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Lectures to the Chinese by Alfred De Grazia

PART ONE:  The Eight Bads

8. Being Proud

What is the proper price of things? Irritated by the indignant posture of Westerners when their gasoline was cut off, an Arab sheikh remarked: "A barrel of oil costs as much as a hamburger at the Waldorf." He was correct. But the average American would go broke in a month if he ate at the Waldorf. And individual animals of hundreds of endangered species are rarer than diamonds. And rich Americans and sheikhs go hunting the desert gazelle, and Japanese and Soviet ships are killing the last of the whales.

What is more fundamentally true is that world resources have been sold in a reckless market place. Fossil fuel has been abundantly offered as if it would spoil like fresh food. No one has thought of the future generations and needs of poor countries; therefore no one has authoritatively decreed a "world survival" price. This world survival price would long ago have cut back the crazy industrial growth and unlimited machine wars of the past hundred years. It would also have cut back the destruction of the general environment and of the animal species.


If the Great Chairman had convened an assembly of advanced primates in the beginning of the Age of Mankind, he might have spoken as follows:

"Ladies and Gentlemen: I am calling this meeting of homo sapiens to announce my retirement. I shall be available for consultation only upon questions that remain open after you have assumed a new from of existence.

"Meanwhile, I suggest that you organize yourselves to elicit the best from every last soul among you. I point out to you that the basis of your organization must be a single people, a single earth and its store of provisions. Make the best of it. You have nowhere else to go."

Some say that this was in fact the Mandate of T'ien. The question is logically suitable for a future consultation with the Chairman. In any case, it took some thousands of years for humanity to confront the human condition. It did everything wrong apparently. It proceeded parochially, not universally; it acted shortsightedly, not with foresight. Now, with marvelous irony, humanity is about to launch itself upon a New Stone Age. At the rate it is going, it well soon be huddling around the campfire, reviving voodoo, and trying to keep deviant characters from reinventing wheel.

Unless a halt is called to the present course of nations, the world can slump into stupid poverty or explode into the same condition. Slumping will take longer than exploding. But the likelihood is that slumps and explosions will occur in succession. Prompting each other, until humanity achieves an equilibrium suited to its social intelligence, the magical and mythical primitive campfire of the New Stone Age. Any settlement at a higher level than will be considered a blessing.

Thanks to a small war between Arabs and Israelis in 1973, humanity for the first time felt the heavy winds of the post-industrial era. The Arab states, in a paroxysm of anger, shut off part of the oil supply to the world and lifted oil prices to unprecedented levels. Until then, the industrial was doing its best to imitate for itself the great American culture trap which this book is describing. Even the less developed and socialist countries like Russia and East Germany were "Americanizing."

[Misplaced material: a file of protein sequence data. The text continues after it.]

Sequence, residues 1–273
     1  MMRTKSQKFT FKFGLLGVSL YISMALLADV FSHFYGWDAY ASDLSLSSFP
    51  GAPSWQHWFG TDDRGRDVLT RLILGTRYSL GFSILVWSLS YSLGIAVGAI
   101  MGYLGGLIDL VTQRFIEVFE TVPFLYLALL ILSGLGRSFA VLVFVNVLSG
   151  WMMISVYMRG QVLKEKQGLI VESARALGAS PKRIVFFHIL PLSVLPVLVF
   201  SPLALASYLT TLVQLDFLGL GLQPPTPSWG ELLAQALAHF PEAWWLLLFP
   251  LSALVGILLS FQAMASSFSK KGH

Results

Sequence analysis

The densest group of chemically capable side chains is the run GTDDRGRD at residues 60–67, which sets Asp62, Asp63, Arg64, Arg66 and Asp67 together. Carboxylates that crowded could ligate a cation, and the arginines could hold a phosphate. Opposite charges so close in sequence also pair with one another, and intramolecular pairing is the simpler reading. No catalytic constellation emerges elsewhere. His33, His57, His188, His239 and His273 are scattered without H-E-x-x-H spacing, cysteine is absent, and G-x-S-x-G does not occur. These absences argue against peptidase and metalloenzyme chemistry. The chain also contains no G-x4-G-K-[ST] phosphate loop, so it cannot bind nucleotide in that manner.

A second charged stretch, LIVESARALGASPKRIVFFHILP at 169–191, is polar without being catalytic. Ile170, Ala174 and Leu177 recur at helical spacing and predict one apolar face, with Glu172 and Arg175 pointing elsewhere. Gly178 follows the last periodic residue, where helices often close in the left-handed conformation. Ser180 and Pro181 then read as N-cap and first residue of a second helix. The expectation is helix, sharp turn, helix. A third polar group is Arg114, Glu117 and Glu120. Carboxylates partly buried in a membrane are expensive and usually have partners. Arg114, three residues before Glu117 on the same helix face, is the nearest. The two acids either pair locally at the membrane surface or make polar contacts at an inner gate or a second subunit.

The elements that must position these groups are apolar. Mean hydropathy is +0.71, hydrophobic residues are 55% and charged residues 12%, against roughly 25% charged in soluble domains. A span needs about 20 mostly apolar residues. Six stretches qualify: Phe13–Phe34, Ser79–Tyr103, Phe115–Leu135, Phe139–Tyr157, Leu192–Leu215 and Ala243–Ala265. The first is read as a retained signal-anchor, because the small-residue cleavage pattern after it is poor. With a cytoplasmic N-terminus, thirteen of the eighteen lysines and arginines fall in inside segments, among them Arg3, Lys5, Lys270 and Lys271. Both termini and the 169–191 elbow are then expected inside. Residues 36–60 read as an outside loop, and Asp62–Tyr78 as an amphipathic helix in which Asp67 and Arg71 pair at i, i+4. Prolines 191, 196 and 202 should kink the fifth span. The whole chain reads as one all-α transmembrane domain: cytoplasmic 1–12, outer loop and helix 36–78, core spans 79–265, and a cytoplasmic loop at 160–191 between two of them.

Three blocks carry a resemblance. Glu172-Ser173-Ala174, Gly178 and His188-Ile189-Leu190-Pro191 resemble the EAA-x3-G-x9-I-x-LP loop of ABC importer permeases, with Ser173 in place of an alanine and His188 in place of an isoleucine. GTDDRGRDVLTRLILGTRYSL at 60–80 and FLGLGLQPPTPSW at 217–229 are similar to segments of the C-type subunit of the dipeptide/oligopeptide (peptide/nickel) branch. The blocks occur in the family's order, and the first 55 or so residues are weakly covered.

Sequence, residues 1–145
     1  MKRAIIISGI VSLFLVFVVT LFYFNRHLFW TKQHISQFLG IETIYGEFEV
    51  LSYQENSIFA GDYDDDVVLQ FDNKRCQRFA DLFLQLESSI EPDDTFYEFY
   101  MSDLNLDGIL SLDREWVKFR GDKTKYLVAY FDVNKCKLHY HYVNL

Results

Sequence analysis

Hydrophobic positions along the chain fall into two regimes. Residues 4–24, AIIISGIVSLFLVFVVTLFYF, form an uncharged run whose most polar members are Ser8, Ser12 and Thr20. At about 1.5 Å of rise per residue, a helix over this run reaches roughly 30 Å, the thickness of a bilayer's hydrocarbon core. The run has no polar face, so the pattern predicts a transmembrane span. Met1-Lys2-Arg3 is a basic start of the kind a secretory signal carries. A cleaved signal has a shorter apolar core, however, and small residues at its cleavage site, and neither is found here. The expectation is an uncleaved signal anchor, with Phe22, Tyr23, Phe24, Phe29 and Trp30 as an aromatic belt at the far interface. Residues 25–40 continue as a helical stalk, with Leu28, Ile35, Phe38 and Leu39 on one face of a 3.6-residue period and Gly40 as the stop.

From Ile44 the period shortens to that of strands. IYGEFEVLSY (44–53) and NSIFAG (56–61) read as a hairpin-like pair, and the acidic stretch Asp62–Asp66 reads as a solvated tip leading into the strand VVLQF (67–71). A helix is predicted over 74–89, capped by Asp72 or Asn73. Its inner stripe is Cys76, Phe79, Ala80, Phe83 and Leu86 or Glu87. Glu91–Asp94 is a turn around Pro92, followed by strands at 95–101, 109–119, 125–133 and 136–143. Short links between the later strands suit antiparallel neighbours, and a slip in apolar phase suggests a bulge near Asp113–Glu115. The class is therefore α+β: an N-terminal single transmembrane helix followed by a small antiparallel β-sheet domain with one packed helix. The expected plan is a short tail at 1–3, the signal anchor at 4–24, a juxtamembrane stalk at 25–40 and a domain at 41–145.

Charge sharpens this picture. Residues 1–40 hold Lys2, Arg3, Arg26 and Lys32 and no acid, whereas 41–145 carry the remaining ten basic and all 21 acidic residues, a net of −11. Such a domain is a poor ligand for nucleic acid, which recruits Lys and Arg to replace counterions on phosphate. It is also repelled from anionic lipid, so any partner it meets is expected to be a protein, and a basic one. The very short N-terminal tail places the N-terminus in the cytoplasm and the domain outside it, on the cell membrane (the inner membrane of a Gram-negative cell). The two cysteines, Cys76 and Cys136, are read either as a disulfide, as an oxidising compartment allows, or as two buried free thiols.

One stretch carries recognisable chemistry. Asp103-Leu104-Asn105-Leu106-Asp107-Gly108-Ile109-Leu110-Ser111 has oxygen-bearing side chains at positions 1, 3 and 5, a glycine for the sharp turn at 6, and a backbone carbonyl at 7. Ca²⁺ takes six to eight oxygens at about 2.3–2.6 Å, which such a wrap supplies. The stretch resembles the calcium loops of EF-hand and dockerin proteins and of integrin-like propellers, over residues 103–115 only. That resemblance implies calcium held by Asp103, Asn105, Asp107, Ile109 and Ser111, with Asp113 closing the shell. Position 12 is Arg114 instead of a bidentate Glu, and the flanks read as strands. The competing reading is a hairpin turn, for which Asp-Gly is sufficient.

Now every Kleinemensch who coveted a car might see how fragile and temporary is man's disposition upon Earth. Humanity subsists upon a few inches of topsoil provided by the green plants and upon the algae and evaporated waters of the oceans. It warms itself, propels itself, and makes its gadgets with some remaining fossils of prehistoric earth and plant disasters. It breeds prolifically. In its urge to chaotic consumption, it abuses the soil, raids and pollutes the seas, and burns the fossil fuels furiously.

It organizes itself badly for all its tasks, both within society and in the relationships among societies. Its exercises have been impromptu; they were not undertaken with a world vision or with a future vision. Else, we must admit, they would have been done much differently.

The first reactions to the Arab petroleum strategy were significant: no authoritative voice was raised from the cripples countries for a new world order based upon friendship and sharing. With more pride than proof, President Nixon promised the Americans self-sufficiency in energy by 1980. Not only was his statement false, but his position of "every land for itself" was an invitation to world anarchy.

Still the criticism of his view was technical, not broad or moral. American leaders were obviously more interested in "getting the Tiger back into the tank," to paraphrase the EXXON gasoline company slogan, than in going back to the drawing boards of the basic energy and production programs of America and the world.

This is a mark of the nationalistic and perforce imperialistic state of mind. It is preliminary to plunging the world deeper into economic, psychological, and military warfare.


After he had returned from traveling to the four corners of the world, Mo Tzu was asked by a disciple: "What would you say is the most urgent enterprise?" Mo Tzu replied : "Upon entering a country one should locate the need and work on that ... If the country is engaged in conquest and oppression, teach them with Universal Love and Condemnation of Offensive War."